I hope your legs are well rested from from the Kyoto Japan Guide – East Side post from last time, we will continue our adventure in Kyoto traveling through the western part of the city. If you haven’t been to Kyoto before and want recommendations on how to get around and where to stay, please see my see my previous Kyoto post.
West Side of Kyoto
There are quite a few famous points of interests on the western side of Kyoto, for this post we’ll visit the northwest corner of the city covering three of the Historic Monuments of Ancient Kyoto. Our path will take us from the ornate Kinkaku-ji to the beautiful green forest of Arashiyama.
click the image to enlarge
Kinkaku-ji 金閣寺 (read more)
Although there aren’t any subway stations nearby Kinkaku-ji, you have plenty of bus options to get there including the city bus 101, 102, 204, and 205. They all stop right in front of the temple.
Although Kinkaku-ji is known as “Golden Pavilion Temple” and you know already that going there, however it’s difficult to believe it’s real until you see the temple glistening in the sun with your own eyes.
Originally built in 1397 as a villa, the golden pavilion withstood wars and time only to be burnt down in 1950 by a monk suffering from mental illness. The current building was rebuilt in 1955 based on the original structure.
The temple ground is actually quite large and you get to see the beautiful gardens and surrounding greens as the visitor’s path loops you back to the main gate. Here is the guide map of Kinkaku-ji below.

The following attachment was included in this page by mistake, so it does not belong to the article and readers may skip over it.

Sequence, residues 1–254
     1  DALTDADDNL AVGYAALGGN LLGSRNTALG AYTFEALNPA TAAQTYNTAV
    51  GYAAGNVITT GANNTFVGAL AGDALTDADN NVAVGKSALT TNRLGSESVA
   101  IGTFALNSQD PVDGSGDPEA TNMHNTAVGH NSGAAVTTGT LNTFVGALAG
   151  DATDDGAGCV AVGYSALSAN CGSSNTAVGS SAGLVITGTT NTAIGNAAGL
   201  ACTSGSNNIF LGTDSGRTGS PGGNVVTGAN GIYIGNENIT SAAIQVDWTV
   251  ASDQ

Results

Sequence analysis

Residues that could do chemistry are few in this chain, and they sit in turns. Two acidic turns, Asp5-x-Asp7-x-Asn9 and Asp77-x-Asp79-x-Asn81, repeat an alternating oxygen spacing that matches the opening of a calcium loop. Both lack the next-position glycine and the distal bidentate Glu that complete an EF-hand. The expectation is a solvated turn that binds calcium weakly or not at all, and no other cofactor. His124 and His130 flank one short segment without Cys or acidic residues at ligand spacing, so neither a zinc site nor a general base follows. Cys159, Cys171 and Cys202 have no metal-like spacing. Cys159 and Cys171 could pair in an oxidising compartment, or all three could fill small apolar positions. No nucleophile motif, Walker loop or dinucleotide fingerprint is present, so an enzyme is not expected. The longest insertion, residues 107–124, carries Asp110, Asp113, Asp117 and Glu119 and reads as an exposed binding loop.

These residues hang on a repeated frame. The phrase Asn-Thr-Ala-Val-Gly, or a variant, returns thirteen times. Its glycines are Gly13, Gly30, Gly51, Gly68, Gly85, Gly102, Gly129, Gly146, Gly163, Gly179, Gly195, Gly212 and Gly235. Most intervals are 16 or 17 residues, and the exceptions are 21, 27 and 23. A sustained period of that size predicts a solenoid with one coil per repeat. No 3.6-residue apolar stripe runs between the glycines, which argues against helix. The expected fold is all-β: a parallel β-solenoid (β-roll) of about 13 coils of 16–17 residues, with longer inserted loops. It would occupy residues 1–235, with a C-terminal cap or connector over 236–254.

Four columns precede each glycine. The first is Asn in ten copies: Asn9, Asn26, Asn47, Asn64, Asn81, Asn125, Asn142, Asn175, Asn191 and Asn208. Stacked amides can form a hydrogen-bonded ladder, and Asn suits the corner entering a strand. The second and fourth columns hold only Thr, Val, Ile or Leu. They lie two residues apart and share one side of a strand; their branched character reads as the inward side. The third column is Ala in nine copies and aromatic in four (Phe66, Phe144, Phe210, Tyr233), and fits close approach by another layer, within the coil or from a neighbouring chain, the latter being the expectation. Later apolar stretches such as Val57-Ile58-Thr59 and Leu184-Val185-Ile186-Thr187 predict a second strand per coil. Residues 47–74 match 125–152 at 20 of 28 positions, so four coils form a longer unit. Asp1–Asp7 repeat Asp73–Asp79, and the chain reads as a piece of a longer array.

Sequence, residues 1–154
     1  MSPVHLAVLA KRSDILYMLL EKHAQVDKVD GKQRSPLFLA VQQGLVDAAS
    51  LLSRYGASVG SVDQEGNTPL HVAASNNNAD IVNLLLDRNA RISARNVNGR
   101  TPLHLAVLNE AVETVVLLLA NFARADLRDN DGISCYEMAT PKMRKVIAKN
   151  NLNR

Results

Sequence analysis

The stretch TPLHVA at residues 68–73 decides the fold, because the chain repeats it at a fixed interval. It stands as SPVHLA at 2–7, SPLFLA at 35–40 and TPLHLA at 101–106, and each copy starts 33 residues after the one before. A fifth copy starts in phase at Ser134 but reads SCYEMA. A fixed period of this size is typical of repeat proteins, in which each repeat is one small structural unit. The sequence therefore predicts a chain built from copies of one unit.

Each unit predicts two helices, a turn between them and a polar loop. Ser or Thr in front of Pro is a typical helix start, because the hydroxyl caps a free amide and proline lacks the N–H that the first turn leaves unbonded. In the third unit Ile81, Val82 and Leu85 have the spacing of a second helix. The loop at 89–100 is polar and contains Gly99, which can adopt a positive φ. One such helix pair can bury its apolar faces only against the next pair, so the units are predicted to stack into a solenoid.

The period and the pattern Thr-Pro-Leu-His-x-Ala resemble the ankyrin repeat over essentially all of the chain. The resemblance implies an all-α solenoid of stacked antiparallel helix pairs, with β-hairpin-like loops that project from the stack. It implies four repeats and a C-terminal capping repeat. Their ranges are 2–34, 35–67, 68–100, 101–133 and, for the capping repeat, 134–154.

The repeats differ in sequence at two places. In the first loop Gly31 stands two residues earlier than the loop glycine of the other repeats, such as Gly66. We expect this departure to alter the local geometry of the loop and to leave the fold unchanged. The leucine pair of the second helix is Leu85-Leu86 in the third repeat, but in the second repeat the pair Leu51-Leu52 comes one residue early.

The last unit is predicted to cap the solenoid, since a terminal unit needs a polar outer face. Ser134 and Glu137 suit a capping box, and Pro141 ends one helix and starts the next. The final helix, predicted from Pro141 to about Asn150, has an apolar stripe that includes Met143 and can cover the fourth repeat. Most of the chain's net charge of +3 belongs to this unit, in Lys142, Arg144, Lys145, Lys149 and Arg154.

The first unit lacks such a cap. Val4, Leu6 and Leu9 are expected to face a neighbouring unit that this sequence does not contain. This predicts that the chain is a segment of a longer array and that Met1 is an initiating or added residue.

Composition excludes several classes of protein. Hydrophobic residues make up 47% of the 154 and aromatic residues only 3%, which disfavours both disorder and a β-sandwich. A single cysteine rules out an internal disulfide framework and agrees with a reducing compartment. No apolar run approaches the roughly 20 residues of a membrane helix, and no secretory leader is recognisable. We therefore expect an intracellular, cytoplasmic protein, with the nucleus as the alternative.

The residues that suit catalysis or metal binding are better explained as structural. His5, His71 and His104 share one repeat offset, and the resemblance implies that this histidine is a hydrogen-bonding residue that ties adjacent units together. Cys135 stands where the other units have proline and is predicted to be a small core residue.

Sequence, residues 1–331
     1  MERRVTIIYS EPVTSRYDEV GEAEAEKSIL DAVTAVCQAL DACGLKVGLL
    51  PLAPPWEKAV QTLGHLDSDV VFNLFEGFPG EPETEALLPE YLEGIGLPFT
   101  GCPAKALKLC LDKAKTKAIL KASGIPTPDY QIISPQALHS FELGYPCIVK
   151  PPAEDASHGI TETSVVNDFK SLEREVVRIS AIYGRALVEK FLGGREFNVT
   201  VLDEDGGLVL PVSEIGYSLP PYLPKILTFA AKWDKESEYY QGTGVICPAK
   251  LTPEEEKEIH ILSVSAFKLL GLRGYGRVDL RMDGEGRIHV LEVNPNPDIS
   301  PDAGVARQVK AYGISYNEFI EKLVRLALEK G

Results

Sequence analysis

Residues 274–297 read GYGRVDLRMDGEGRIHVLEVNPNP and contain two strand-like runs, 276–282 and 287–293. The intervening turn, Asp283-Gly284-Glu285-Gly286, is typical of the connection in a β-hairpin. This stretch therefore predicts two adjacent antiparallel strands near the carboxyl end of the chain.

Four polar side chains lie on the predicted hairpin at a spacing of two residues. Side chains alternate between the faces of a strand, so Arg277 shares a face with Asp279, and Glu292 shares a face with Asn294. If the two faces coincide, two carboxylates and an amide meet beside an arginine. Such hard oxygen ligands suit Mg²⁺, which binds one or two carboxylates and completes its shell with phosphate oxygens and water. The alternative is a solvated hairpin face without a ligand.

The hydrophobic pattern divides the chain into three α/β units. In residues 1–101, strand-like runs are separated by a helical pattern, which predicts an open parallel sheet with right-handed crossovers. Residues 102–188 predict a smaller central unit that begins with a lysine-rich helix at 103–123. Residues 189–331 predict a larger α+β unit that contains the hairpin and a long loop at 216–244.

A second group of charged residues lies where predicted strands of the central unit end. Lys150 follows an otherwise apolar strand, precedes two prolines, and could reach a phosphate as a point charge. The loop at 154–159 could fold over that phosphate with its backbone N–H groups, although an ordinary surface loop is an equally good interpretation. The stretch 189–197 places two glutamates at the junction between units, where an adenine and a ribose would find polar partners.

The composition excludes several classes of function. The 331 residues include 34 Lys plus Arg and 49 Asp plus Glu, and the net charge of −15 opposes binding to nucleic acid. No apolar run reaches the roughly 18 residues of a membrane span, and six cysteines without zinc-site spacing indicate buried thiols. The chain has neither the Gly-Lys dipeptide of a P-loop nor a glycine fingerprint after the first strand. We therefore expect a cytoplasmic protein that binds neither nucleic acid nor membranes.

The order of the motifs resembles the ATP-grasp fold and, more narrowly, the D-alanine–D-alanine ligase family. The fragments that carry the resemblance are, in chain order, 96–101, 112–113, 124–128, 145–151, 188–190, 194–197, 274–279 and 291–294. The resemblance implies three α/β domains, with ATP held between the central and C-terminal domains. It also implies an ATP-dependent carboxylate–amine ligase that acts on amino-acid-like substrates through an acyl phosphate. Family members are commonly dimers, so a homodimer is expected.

From Kinkaku-ji, it’s just a short 5 min ride on bus 59 or 12 to get to Ryoan-ji, one of the most famous rock gardens in Japan if not in the world.
Based on the temple’s official site, the rock garden was built at same time as the Hojo (abbott’s chamber) at 1499. The rock garden is a rectangle area that’s 250 sq meter (2700 sq ft) made up of mostly white gravel. On top of the white gravel there are 5 groups of formation containing 15 rocks. The number of rocks are not random in each group, one of them contains 1 rock, the second one contains 2, and so forth.
Throughout the years, there has been many different interpretation of the meaning behind the formation and the garden itself. For me personally, it looks like I am looking at magnificent painting by a great artist. Seeing each perfect straight line in the stone spread over such a large area is simply breathtaking. Take a break, sit and observe the rock formation and maybe you can figure out the mystery the garden is trying to convey.
Toei Kyoto Studio Park 東映太秦映画村 (read more)
Time to take a break from temples and enjoy some fun. It’s time to the see how Japanese samurai movies and shows are filmed! You’ll take the Kitano-Line (北野線) from Ryoan-ji to Tokiwa station to get to Toei Kyoto Studio Park. You’ll need to pay ¥200 ($2) for the train since it’s not covered by your 2-day pass.
My children had a blast there. We saw actors fighting with swords, untrapped ourselves from the Ninja Mystery House, took period-style photos of the children, and saw a real life action show. They have a variety of shows from Samurai fighting to futuristic superhero (think PowerRangers). It’s fun for all ages! The buildings on the studio ground are free for you to explore. Mr. JOC was super excited about the Anime Museum because it had all the toys and figures from his childhood on display.